Perfectionism is a double-headed creature.
One face inspires us to accept nothing but our very best resulting in success or creation of a masterpiece. The other face, the darker side, threatens to keep us mired down in a crippling bog of self-criticism, self-doubt, and fear of judgement from others.
“Perfectionism is self-abuse of the highest order.” ~ Anne Wilson Schaef
Most perfectionists understand the crippling quality of the dark side. The extremes of perfectionism are exhausting.
I am a perfectionist.
Throughout my life, I have enjoyed the fruits of the positive face of perfectionism and struggled with the dark side. The result of this tendency is a mixture of success alongside a pile of projects never finished or ideas never shared due to my paralyzing distaste for judgement.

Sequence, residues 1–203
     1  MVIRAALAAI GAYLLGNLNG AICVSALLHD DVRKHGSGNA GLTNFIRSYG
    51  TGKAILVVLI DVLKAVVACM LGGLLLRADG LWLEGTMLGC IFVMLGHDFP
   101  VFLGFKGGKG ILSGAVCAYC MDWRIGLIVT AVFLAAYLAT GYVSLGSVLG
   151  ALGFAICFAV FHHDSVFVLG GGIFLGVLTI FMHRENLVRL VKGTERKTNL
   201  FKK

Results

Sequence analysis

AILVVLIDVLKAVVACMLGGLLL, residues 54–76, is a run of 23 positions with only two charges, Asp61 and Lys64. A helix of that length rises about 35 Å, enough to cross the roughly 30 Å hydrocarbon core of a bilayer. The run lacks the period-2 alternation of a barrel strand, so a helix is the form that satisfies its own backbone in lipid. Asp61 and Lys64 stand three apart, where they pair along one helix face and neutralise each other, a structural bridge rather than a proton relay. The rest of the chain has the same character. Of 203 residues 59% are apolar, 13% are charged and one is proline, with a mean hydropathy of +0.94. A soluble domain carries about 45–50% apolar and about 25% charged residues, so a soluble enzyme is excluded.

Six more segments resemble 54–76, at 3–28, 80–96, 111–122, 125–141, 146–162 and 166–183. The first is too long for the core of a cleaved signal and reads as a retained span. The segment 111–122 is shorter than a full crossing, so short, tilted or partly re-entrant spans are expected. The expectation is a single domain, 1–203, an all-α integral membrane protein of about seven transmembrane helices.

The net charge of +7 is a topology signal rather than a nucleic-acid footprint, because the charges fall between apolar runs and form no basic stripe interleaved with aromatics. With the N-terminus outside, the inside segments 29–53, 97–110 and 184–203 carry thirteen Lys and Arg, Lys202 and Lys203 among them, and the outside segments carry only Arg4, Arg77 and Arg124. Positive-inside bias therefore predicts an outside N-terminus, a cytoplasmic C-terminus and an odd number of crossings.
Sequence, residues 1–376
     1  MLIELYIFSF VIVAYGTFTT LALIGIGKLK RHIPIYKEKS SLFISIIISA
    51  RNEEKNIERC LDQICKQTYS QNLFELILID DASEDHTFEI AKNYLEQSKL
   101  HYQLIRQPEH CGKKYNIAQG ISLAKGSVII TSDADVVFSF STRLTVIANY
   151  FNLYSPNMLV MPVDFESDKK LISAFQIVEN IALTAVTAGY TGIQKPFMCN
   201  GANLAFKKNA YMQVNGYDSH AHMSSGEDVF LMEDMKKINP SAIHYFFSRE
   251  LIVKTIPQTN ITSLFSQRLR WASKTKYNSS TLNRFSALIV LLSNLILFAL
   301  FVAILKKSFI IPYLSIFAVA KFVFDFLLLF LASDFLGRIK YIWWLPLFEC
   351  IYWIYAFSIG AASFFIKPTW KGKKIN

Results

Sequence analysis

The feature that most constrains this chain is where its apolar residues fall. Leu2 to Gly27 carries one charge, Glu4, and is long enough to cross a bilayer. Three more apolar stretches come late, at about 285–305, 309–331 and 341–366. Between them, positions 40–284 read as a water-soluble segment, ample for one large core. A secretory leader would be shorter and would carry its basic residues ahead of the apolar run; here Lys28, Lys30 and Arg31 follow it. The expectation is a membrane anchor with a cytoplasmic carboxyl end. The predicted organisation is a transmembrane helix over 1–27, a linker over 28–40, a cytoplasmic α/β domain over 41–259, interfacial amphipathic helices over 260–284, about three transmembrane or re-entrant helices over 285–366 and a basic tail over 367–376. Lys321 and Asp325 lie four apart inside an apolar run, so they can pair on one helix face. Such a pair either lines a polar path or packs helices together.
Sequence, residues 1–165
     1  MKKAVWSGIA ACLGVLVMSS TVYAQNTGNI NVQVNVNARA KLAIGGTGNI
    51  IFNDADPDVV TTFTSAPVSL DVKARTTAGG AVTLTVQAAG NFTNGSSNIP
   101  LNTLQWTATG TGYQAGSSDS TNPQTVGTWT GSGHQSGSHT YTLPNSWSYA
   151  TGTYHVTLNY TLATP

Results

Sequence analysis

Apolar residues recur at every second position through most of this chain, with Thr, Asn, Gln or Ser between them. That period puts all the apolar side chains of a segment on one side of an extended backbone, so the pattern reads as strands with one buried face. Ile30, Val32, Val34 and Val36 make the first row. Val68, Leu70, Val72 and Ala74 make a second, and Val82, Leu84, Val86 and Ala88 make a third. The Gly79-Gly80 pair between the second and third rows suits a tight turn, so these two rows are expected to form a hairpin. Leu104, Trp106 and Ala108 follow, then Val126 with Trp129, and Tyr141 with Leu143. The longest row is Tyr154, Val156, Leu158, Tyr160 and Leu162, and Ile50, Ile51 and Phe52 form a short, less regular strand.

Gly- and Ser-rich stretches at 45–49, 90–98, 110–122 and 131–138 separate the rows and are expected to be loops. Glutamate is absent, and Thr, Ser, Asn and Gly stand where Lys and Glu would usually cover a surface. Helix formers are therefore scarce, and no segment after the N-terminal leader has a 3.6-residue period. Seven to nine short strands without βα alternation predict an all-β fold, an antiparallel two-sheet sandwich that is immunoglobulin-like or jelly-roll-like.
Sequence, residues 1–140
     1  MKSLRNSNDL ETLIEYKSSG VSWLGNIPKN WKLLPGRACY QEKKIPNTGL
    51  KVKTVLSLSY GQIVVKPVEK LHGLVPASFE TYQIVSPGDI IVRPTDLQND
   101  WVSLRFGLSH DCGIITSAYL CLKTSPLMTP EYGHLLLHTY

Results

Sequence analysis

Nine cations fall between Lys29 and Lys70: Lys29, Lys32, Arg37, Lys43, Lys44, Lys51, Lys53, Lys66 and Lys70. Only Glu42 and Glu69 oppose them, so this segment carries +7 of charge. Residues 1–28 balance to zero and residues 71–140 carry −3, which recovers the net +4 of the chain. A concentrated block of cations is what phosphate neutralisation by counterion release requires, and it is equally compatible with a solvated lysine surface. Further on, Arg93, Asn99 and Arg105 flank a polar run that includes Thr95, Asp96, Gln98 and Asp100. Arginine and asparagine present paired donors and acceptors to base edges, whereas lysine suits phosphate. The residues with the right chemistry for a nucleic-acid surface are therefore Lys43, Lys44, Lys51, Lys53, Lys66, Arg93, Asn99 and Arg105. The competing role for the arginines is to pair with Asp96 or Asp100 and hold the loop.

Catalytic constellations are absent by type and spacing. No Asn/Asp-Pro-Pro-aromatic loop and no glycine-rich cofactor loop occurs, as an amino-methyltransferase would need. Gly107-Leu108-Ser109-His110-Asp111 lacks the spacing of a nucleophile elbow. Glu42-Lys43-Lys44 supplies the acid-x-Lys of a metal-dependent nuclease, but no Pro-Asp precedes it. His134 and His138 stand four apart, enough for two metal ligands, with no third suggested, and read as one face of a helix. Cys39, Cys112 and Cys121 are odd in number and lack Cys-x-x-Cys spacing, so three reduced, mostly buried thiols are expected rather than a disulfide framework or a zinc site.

My recent early retirement has forced me to face my lifelong relationship with perfectionism. I now have time and opportunity to step outside my comfort zone and pursue another line of work, but the dark side of perfectionism haunts me and prevents me from moving forward.
“We can choose to be perfect and admired or to be real and loved.” ~ Glennon Doyle Melton
What is perfectionism?
Striving to be great and doing things well is not the issue. The problem comes when the worry about not being perfect or falling short hijacks our desire to take any step.
“Healthy striving is self-focused: How can I improve? Perfectionism is other-focused: What will they think? Perfectionism is a hustle.” ~ Brené Brown
Perfectionists tend to see life as a constant parade of judgements from others. This can result in our failure to act or in self-deprecating self-talk. The fear of being seen or of failing can overcome the excitement of an opportunity or the desire for success.